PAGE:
‘DO NOT CONGRATULATE’ advisers told Trump in capital letters before Putin call. It was the first thing he did
Trump was also reminded by advisers to condemn Putin for the poisoning of a former Russian spy in the UK, yet he failed to mention the case
US President Donald Trump did not follow specific warnings from his national security advisers when he congratulated Russian President Vladimir Putin on his reelection, including a section in his briefing materials in all-capital letters stating “DO NOT CONGRATULATE,” according to officials familiar with Tuesday’s call.
Trump also chose not to heed talking points from aides instructing him to condemn Putin about the recent poisoning of a former Russian spy in the United Kingdom with a powerful nerve agent, a case that both the British and US governments have blamed on Moscow.
The president’s conversation with Putin, which Trump called a “very good call,” prompted fresh criticism of his muted tone toward one of the United States’s biggest geopolitical rivals amid the ongoing special counsel investigation into Russia’s election interference and the Trump campaign’s contacts with Russian officials.
Although the Trump administration has taken a tougher stance toward Russia recently – including new sanctions last week on some entities for election meddling and cyberattacks – the president has declined to forcefully join London in denouncing Moscow for the poisoning of Sergei Skripal and his daughter Yulia in Salisbury this month. They remain critically ill.
Trump told reporters that he had offered his well wishes on Putin’s new six-year term during a conversation on a range of topics, including arms control and the security situations in Syria and North Korea. White House press secretary Sarah Huckabee Sanders told reporters that Skripal’s case was not discussed. Information on Syria and North Korea were also provided to the president in writing before the call, officials said.
An American president does not lead the Free World by congratulating dictators on winning sham elections. And by doing so with Vladimir Putin, President Trump insulted every Russian citizen who was denied the right to vote in a free and fair election. https://t.co/lcQTBi7CA1
— John McCain (@SenJohnMcCain) March 20, 2018
“We’ll probably be meeting in the not-too-distant future,” Trump said of Putin, though Sanders emphasised that nothing was planned.
The White House press office declined to comment on the briefing materials given to Trump. Two people familiar with the notecards acknowledged that they included instructions not to congratulate Putin. But a senior White House official emphasised that national security adviser H.R. McMaster did not mention the issue during a telephone briefing with the president, who was in the White House residence ahead of and during his conversation with Putin.
It was not clear whether Trump read the notes, administration officials said. Trump, who initiated the call, opened it with the congratulations for Putin, one person familiar with the conversation said.
The president’s tone drew a rebuke from Republican Senator John McCain, chairman of the Armed Services Committee, who wrote on Twitter: “An American president does not lead the Free World by congratulating dictators on winning sham elections. And by doing so with Vladimir Putin, President Trump insulted every Russian citizen who was denied the right to vote in a free and fair election.”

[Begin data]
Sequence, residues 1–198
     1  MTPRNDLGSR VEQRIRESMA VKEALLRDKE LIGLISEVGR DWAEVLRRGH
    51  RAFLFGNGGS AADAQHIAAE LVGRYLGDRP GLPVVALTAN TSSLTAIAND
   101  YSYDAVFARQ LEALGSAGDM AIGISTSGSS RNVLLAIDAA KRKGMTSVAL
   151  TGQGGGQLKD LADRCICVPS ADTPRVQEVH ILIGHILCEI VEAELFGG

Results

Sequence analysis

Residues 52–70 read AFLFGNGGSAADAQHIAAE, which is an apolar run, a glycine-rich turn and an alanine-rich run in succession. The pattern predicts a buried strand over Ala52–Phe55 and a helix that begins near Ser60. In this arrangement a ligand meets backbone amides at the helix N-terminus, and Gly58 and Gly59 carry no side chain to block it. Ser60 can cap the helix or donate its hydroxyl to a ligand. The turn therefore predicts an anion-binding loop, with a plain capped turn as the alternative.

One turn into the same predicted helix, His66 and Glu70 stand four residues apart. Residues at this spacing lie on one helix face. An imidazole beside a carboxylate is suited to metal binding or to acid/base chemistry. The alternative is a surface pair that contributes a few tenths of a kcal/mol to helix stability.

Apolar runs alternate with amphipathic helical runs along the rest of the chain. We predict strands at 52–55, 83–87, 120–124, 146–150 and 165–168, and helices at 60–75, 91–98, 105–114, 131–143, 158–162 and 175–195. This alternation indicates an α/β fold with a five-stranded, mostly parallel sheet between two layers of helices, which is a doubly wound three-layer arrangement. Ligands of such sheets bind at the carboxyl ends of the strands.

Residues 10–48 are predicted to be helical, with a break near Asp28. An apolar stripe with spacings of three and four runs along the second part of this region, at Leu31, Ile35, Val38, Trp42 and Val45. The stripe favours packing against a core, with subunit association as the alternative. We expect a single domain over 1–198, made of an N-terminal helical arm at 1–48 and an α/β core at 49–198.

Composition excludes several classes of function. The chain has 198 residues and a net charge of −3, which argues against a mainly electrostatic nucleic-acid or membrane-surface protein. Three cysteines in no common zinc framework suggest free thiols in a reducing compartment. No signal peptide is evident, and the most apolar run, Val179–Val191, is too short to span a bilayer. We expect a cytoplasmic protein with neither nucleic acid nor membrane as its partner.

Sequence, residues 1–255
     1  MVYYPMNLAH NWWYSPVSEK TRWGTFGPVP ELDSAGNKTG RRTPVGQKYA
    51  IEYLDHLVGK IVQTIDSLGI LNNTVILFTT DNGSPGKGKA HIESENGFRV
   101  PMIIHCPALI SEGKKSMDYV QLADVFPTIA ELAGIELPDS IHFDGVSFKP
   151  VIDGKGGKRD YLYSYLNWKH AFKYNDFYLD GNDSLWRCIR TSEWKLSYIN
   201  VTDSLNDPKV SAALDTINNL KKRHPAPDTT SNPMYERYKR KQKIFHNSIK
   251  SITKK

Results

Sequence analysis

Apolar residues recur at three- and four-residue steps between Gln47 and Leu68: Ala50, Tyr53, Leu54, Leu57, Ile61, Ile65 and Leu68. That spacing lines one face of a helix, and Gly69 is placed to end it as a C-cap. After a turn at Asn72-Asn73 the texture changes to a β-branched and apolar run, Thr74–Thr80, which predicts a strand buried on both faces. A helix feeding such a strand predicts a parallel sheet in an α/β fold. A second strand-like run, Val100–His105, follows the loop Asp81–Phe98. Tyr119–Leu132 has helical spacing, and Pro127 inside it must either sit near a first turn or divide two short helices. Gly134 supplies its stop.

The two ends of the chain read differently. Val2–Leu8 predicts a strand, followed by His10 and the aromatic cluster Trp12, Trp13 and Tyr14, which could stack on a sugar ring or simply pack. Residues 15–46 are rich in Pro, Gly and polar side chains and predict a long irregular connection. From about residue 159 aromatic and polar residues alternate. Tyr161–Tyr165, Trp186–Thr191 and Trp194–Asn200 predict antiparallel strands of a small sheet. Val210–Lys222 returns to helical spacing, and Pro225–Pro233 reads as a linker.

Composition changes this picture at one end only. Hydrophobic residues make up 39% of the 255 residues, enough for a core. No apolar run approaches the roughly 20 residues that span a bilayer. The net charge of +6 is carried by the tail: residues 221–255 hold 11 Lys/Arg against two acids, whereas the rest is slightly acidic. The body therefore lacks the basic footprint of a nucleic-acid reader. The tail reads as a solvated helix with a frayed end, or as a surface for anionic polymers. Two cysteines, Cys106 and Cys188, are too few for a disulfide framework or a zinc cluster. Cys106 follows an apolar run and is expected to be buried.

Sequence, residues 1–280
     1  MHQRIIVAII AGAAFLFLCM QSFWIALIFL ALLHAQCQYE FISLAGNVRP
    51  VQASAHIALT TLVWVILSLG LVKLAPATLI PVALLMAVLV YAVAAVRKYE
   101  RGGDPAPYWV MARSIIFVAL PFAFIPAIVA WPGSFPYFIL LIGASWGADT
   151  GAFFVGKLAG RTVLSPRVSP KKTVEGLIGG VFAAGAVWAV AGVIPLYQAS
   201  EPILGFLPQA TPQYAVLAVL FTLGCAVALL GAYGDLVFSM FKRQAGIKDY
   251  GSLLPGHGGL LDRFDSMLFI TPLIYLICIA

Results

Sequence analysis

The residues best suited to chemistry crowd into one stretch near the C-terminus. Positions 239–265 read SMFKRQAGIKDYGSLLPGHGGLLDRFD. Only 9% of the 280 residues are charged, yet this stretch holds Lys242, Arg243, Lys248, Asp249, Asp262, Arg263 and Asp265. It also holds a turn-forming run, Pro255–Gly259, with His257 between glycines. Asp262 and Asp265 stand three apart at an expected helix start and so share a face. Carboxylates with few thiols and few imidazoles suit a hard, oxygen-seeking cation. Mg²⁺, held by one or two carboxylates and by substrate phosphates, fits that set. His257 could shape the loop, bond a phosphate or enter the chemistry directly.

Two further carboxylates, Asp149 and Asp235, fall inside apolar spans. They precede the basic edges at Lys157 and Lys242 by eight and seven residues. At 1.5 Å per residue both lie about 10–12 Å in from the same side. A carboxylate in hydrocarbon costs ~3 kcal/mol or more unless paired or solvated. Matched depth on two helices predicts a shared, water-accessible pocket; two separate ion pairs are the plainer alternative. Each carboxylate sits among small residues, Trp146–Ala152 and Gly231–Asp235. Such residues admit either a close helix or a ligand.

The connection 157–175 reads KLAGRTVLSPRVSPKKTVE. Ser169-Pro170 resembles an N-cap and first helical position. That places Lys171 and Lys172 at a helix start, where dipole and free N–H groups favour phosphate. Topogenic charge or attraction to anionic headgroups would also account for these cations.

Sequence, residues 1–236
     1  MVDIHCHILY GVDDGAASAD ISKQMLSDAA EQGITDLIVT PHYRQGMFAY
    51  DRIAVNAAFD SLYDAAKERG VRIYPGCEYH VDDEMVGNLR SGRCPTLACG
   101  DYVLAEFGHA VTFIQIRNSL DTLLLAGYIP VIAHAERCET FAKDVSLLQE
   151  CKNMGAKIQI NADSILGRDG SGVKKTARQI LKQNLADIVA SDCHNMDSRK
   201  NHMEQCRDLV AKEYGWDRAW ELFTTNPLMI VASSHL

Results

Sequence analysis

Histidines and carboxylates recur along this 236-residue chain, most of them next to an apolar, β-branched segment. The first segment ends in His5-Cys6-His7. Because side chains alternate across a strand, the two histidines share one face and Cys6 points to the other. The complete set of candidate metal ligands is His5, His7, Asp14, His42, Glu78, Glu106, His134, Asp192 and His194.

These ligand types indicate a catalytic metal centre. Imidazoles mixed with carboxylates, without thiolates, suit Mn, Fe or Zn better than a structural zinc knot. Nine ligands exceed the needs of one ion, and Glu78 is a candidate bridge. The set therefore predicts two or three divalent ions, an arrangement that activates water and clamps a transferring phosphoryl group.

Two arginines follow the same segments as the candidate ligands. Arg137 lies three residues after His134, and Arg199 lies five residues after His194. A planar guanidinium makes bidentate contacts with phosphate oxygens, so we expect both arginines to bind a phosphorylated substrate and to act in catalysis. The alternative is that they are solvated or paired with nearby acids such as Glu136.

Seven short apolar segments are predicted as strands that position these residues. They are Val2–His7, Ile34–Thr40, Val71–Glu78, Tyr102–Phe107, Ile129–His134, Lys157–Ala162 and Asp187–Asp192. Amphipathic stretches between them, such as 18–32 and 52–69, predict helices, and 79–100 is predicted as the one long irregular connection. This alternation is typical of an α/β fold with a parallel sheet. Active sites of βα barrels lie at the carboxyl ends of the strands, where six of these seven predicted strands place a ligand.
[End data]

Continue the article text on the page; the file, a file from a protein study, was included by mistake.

But fellow Republican Senator Bob Corker, chairman of the Senate Foreign Relations Committee, appeared less concerned, noting Trump has also offered congratulations to other leaders of more totalitarian states. “I wouldn’t read much into it,” Corker said.
Putin’s latest consolidation of power came in what foreign policy analysts said was a rigged election in which he got 76 per cent of the vote against several minor candidates. Some world leaders have hesitated to congratulate Putin, since his reelection occurred in an environment of state control of much of the news media and with his most prominent opponent barred from the ballot.
Ahead of Tuesday’s phone call, national security aides provided Trump with several handwritten notecards filled with talking points to guide his conversation, as is customary for calls with foreign leaders, according to the officials with knowledge of the call, who spoke on the condition of anonymity to discuss private conversations.
Trump’s failure to raise Moscow’s alleged poisoning of the former Russian spy in Britain risked angering officials in London, who are trying to rally Britain’s closest allies to condemn the attack. Russia has denied involvement in the March 4 poisoning, but the attack has badly damaged British-Russian relations and British Prime Minister Theresa May last week announced the expulsion of 23 Russian diplomats in retaliation.
Putin denied that Russia had any role and called the claim “nonsense.”
Asked about McCain’s criticism, Sanders noted that the leaders of France and Germany also called Putin this week and pointed to former president Barack Obama, who congratulated Putin on an election victory in 2012.
“We’ve been very clear in the actions that we’ve taken that we’re going to be tough on Russia, particularly when it comes to areas that we feel where they’ve stepped out of place,” Sanders said. “We’ve placed tough sanctions on Russia and a number of other things where we have shown exactly what our position is.”
Trump’s applause of Putin’s victory was in line with other congratulatory calls he has made, including to Turkish President Recep Tayyip Erdogan for winning a much-disputed referendum that increased his already autocratic powers and to China’s President Xi Jinping for his “extraordinary elevation” after Xi last month engineered the Communist Party’s elimination of presidential term limits.
“I think it’s great. Maybe we’ll have to give that a shot some day,” Trump said later at a closed door speech.